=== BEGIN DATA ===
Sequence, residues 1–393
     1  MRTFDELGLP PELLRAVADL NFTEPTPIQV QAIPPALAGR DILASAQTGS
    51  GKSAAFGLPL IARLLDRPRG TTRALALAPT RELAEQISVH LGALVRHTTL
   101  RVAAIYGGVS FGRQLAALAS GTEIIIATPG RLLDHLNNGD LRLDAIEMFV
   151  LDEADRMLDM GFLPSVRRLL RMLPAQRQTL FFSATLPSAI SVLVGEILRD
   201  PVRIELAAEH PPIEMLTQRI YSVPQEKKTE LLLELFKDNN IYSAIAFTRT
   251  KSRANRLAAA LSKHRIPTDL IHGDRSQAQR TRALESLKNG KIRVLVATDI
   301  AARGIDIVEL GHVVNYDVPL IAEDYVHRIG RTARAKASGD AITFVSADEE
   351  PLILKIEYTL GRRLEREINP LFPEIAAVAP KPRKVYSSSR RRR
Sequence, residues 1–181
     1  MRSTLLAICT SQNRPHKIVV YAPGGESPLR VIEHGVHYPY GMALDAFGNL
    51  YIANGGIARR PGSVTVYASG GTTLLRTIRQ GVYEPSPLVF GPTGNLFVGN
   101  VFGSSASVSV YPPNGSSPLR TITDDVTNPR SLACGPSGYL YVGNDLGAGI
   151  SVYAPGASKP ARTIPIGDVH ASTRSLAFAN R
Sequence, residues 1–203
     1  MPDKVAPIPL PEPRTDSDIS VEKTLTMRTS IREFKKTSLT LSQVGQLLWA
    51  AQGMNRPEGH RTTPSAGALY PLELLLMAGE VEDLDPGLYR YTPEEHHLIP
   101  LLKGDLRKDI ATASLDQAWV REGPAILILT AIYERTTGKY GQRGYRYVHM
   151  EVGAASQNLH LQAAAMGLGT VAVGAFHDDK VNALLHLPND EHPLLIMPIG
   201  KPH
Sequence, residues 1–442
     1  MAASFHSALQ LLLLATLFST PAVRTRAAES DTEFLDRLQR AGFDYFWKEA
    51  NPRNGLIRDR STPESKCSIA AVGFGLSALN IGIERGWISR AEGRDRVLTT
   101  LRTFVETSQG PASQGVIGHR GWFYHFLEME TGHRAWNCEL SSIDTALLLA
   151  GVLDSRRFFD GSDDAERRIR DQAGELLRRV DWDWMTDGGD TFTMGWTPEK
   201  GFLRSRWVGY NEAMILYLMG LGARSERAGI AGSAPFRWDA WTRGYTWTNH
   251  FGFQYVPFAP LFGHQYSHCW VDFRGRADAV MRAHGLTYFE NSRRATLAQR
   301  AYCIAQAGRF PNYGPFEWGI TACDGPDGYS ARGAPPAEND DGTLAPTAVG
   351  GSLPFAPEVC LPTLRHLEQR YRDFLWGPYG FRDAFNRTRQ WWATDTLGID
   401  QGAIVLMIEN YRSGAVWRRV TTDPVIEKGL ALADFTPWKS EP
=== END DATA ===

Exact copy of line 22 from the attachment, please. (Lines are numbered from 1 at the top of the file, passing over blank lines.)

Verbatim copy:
     1  MAASFHSALQ LLLLATLFST PAVRTRAAES DTEFLDRLQR AGFDYFWKEA